Published 7/28/2005 by Henry
I'm proud to announce:
Saturday 23 july 2005 on 12:11 my son Puk was born.
He and his mother both are doing very well.
We are proud, tired and very happy!


Henry Cordes
My thoughts exactly...


Published 7/22/2005 by hendaman

After some server related problems, my blog now really is reachable through the internet.
I'm happy and will start to put my thoughts about technical mattersĀ on this site.

Henry Cordes
My thoughts exactly...

Domain 'henrycordes.nl'!

Published 7/18/2005 by Henry

Today the domain henrycordes.nl is officially claimed. In the next few days, this blog can be reached through:


Henry Cordes
My thoughts exactly...

TFSC or Team Foundation Source Control is built from ground up, Microsoft did not update Visual SourceSafe and call it TFSC. It is a multitiered architecture.
On the other hand, if your familiar with Visual SourceSafe, the look and feel is basically the same, there are just more features.
There are some new features in TFSC compared to Visual SourceSafe, there are:
  • Changesets
  • Branching
  • Merging
  • Shelving
TFSC introduces a concept called changeset. With Visual SourceSafe and other source control products, the files under source control had no linkage, they all where individual files.
Changesets describe a group of associated file modifications, each changeset is given a unique identifier for tracking and reporting.

Branching in TFSC is intelligently copying items from one project to another. The origin, context and history is maintained and future changes can be merged back into the original path. This allows multiple builds and releases to be maintained efficiently. Another benefit of branching is storage space efficiency. The source control server minimizes the required storage by maintaining one copy of the content.

Merging (in CVS this process exists for a long time already) reconciles all the changes from branched code (“the source”) with the original code (“the target”). This is more than blending text, it will merge additions, deletions, undeletions and renames from the source to the target.

Multiple checkout
Team System projects can be configured for multiple checkout . this feature allows more than one user to edit the same file simultaneously. The same engine that merges changes from branched projects merges changes from two or more checked out projects back to the source (people working with CVS know this feature is nothing to be afraid of).

Shelving is another new key concept to TFSC. Shelving allows a developer to store pending changes to the server without checking them in (in the form of a shelveset).
A shelveset is similar to a changeset, except the files are stored on personal space on the server.
Reasons for shelving:
  • Switching to another project with higher priority;
  • Code fails a check in policy and can’t be fixed immediately;
  • Code is not complete enough to be shared
  • Developer needs to leave and wants to keep his code safe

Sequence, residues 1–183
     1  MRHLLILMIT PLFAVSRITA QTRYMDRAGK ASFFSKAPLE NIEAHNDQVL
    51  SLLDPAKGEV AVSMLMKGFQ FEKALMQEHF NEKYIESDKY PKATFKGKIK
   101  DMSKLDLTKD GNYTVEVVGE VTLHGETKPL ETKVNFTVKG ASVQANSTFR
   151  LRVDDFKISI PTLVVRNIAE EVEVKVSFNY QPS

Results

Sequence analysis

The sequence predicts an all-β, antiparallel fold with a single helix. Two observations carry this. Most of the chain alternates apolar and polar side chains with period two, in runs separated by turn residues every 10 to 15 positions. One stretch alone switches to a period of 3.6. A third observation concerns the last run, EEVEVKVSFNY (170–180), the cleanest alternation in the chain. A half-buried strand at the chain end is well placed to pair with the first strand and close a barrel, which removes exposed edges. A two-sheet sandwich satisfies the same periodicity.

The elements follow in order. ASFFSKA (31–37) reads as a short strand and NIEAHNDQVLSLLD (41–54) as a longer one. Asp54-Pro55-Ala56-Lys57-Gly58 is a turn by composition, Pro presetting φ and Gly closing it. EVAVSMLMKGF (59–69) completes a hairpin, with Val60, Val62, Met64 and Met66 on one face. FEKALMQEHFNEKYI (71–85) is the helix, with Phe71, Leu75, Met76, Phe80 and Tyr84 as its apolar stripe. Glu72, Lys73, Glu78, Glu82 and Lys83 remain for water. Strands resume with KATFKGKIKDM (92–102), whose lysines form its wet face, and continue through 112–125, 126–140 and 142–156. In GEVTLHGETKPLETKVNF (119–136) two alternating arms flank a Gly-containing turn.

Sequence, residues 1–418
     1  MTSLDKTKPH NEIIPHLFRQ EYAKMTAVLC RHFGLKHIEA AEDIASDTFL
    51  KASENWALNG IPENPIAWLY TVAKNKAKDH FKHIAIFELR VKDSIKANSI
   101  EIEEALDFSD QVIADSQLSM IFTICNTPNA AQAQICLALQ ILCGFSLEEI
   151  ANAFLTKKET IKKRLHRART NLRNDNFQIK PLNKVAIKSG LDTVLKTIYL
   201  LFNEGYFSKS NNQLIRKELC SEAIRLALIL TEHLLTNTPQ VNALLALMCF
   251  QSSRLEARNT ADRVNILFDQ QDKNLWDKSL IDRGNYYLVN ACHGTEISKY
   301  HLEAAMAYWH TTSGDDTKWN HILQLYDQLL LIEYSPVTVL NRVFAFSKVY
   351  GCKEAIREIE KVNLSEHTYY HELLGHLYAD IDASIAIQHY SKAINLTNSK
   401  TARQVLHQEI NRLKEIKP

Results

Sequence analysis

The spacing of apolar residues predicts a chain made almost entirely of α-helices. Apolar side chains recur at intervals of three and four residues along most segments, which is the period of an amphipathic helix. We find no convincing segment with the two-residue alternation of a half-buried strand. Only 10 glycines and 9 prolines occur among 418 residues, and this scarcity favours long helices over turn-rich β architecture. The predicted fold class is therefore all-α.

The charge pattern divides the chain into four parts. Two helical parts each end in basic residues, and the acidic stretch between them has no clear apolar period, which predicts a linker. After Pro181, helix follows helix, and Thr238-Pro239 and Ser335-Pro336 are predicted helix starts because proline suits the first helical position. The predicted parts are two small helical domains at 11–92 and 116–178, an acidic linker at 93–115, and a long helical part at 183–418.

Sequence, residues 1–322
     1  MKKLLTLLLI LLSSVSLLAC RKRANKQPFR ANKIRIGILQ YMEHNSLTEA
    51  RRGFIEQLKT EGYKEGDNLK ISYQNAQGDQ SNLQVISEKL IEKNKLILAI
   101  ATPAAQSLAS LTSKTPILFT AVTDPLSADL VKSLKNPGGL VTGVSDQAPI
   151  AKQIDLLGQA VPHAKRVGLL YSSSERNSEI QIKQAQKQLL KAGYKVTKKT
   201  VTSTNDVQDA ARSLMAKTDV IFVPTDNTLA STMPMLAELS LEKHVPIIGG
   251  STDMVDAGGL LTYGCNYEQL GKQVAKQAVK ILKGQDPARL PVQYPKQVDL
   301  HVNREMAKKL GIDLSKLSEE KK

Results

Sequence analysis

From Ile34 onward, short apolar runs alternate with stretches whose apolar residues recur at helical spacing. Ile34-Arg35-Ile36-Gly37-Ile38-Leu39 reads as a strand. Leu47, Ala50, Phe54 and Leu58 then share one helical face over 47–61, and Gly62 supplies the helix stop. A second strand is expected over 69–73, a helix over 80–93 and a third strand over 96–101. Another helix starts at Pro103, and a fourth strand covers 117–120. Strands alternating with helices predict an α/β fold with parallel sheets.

Visual SourceSafe
SourceSafe continues to be available, it will have some new features also:
HTTP access through a Web Service interface
Copy, modify, merge model
A LAN performance booster
Asynchronous file opening, start working before loading is complete
Better support for projects in multiple timezones and multiple languages and Unicode

Henry Cordes
My thoughts exactly...

Cross-page postback is a feature that makes it possible to post values from one page to another, without Server.Transfer or other far fetched techniques. We all know that in ASP.NET 1.xx you could only post a page back to itself, which was pretty annoying.

What do we do?

The way it works is that all controls that implement the new System.Web.UI.WebControls.IButtonControl got a property called:PostBackUrl

When we have a Button on a WebForm (a Button implements IButtonControl), we set the PostBackUrl to the Webform we want to postback to.

What we get is:


How does it work?

When the PostBackUrl property of the 'IButtonControl' is set, the ASP.NET framework binds the corresponding HTML element to new JavaScript function named 'WebForm_DoPostBackWithOptions'. The corresponding HTML rendered by the ASP.NET 2.0 will look like this:



One problem with cross-page posting is the new page presumably needs the view state of the page posted from. The view state is page specific; it contains information, for example, about controls embedded on the particular page. ASP.NET 2.0 resolves this by embedding a hidden input field name, '__POSTBACK' . This field is embedded only when there is an 'IButtonControl' on the page and its 'PostBackUrl' property is set to a non-null value. This field contains the view state information of the poster page. To access the view state of the poster page, you can use the new PreviousPage property of the page:




And with:




We can find all controls on the posting (previous) page and read it's state.

Henry Cordes
My thoughts exactly...